You were my first love
and first love never, ever dies
Much has been written about Simon Bates' Our Tune, the daily feature in which Bates would read out a letter about a love story which - normally - ended in tragedy and then, after a spin of the doomed couple's song (quite often something by Dire Straits of Will You, by Hazel O'Connor), the redemption:
So, you're looking at the radio now, saying 'what happened, Simes?' Well... Tony's leg never grew back, but his heart did...
The lack of any serious radio audience research allowed Bates to make grandiose claims for this daily spot of mawkishness. Sometimes, this would take the form of tales of hardened lorry drivers being forced to pull over to the hard shoulder of the M1 lest their floods of tears lead to multi-car pile-ups (although that would, at least, provide a fresh supply of "Julie was trying on the wedding dress when a policeman called at the door - it was Jack, he'd been killed in an accident" stories to keep the feature going.) Always, though, there was Bates' boast at the end:
Tell me your story, and I'll tell eight million other people
It's interesting that, despite these enormous audiences hanging on every twist and turn, nobody has seemed much interested in attempts to resurrect the feature in Bates' post-Radio One life. He's popped up doing it on Sky One, TalkRadio and Classic FM but (adopts gravelly voice, fades up Love Theme from Romeo and Juliet by Henry Salomon & His Orchestra) the spark had gone and, although Simon was keen to try again, the audience... well, the audience had moved on, found other obsessions. And so the tantalising question remained: had Our Tune been popular because it was on during the day on the biggest radio station in the country... or could, as Simon seemed to believe, have Radio One been so popular because of Our Tune?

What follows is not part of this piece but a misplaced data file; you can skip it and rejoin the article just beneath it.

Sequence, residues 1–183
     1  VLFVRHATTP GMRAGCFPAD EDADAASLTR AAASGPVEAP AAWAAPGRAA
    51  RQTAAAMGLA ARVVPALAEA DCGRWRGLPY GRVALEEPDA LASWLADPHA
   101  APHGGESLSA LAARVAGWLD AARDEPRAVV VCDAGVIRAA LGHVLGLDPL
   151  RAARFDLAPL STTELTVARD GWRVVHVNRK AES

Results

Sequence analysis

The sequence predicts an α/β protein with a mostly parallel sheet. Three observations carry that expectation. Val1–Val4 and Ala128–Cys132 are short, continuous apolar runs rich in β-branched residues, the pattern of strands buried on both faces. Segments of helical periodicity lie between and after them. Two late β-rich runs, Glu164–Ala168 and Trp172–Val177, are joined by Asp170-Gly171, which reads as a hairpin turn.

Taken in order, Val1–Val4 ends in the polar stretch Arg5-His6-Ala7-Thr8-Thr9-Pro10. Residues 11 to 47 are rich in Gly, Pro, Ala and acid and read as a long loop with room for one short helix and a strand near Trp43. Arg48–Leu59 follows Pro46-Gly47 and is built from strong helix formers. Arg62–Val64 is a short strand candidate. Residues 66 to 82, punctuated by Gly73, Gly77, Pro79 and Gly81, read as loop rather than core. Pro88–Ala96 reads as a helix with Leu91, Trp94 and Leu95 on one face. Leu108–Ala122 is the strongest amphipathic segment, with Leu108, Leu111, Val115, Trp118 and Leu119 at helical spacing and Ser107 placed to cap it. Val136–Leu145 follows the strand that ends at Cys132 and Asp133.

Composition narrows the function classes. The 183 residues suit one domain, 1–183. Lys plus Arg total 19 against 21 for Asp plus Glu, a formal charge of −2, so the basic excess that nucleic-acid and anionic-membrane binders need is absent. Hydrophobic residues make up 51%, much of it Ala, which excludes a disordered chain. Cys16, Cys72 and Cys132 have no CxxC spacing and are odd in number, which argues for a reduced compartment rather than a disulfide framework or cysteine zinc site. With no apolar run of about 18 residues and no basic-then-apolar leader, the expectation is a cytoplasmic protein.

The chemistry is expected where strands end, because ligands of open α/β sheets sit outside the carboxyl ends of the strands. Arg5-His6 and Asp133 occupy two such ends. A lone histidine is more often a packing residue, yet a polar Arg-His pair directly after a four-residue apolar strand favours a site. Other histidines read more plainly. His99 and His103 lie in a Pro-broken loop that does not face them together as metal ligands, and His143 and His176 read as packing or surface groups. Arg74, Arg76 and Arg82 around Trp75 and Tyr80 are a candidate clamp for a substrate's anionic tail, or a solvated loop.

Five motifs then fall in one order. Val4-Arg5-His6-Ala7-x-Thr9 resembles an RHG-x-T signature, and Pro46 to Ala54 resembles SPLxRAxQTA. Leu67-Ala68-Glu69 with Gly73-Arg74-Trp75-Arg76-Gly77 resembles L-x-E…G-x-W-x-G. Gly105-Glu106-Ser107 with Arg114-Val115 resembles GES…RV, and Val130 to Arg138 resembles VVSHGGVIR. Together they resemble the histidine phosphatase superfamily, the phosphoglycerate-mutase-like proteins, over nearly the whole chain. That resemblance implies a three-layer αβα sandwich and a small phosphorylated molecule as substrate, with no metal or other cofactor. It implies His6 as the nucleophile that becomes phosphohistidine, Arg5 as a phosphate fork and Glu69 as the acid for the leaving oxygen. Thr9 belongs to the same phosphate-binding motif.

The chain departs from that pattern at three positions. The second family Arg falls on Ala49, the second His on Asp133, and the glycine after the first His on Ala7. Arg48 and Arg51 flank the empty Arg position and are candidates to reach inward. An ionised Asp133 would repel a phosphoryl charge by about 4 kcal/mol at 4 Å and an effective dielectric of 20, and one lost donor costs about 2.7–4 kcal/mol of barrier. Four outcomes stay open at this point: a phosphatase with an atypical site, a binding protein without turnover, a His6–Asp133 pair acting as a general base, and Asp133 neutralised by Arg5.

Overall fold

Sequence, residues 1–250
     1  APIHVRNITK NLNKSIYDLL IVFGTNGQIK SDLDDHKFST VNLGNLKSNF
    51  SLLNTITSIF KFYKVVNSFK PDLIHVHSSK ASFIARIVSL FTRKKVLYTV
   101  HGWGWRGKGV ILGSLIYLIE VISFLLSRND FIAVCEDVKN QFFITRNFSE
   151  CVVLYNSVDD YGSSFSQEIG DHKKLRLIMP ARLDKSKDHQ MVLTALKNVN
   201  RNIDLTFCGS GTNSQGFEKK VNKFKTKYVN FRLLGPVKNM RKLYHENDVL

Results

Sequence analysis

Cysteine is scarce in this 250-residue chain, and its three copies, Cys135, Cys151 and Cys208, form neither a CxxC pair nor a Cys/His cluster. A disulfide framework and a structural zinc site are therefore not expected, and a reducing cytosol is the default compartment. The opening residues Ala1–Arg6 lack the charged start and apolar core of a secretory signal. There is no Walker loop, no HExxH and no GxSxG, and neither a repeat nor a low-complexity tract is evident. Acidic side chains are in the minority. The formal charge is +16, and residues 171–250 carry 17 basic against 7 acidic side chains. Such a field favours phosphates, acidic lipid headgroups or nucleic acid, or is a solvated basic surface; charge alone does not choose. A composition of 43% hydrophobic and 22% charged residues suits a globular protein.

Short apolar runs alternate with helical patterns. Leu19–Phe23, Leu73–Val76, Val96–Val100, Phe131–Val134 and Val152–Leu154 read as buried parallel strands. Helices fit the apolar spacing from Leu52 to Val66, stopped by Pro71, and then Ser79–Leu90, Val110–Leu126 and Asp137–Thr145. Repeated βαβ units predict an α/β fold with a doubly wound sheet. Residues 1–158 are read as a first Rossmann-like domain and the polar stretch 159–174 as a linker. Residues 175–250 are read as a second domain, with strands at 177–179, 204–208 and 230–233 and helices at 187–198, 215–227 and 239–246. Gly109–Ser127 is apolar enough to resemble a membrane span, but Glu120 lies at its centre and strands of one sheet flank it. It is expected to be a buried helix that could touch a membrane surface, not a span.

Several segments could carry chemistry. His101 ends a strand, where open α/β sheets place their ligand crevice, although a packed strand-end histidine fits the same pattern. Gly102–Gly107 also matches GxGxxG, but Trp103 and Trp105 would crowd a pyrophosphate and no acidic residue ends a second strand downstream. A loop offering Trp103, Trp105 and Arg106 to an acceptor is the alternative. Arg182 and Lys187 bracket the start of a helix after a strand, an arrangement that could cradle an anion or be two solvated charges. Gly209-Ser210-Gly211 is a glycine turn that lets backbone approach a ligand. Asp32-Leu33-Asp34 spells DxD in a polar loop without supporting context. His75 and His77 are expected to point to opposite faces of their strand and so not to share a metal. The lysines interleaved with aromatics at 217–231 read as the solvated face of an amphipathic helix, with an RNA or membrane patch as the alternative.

To be fair to Bates, as Out On Air in Radio 4's Archive Hour pointed out a few weeks back, he was open to all-comers for Our Tune, and did feature gay relationships, something still fairly unusual to hear about on Radio One out of the context of "this is a youth issue with a telephone helpline attached". On the other hand, the way he'd build up to these stories - building a protective zone of repeated warnings ("some of you might be shocked, there might even be complaints") rather than slipping them in in a matter-of-fact fashion - suggested that he wasn't entirely comfortable featuring tales of man-on-man heartbreak and was probably only doing the queer ones because he'd run out of "normal" letters.
So, yes, Our Tune is well known. Less well recorded, though, is Mike Read's similar - some might even say copycat - feature which ran in the Breakfast Show. While Bates appealed for stories of the biggest romances and largest disasters, Read slowly carved out a niche for himself which sought out tales of First Love. In place of the Love Theme from Romeo And Juliet, there were the Walker Brothers, and - by the nature of the stories - much was played out in classrooms, common rooms and playing fields, which sat well with Read's other big feature, Schooldesk. (This was little more than hoping Mike Read would read out the name of your school - simple pleasures in those days, kids.)
In those days, Read provided the only public outlet for people, looking back fondly on a love which had been strong, burned with passion, and - usually - had been ended by circumstance or puberty, never to be regained. These days, of course, Friends Reunited performs a similar function, but in place of a TeaHee mug and a chance to hear a song you once snogged to, you get a messy divorce and the chance of a disastrous old-time's sake bunk-up.
Thursday, August 30, 2007
You were my first love